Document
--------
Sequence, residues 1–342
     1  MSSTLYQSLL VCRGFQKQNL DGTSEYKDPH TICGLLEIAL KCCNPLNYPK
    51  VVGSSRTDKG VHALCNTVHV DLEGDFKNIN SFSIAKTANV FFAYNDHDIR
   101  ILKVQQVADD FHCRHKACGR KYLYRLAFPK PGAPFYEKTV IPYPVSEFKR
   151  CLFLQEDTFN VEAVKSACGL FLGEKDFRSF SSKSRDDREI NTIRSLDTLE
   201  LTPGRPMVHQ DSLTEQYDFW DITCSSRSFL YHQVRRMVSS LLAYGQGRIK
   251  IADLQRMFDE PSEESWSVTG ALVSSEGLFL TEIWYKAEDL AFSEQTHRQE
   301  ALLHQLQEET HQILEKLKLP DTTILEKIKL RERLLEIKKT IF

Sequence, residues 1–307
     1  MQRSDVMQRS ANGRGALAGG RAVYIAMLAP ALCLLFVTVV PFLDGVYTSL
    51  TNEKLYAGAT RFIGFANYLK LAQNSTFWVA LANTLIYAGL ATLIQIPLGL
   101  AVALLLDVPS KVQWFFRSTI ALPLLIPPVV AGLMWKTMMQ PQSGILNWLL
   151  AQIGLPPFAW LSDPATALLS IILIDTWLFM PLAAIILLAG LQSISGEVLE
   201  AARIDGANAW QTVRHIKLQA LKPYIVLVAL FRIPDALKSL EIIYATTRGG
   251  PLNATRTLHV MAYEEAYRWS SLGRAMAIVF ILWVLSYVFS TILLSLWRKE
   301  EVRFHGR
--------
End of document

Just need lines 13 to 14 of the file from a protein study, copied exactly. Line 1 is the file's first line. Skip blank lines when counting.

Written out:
   151  AQIGLPPFAW LSDPATALLS IILIDTWLFM PLAAIILLAG LQSISGEVLE
   201  AARIDGANAW QTVRHIKLQA LKPYIVLVAL FRIPDALKSL EIIYATTRGG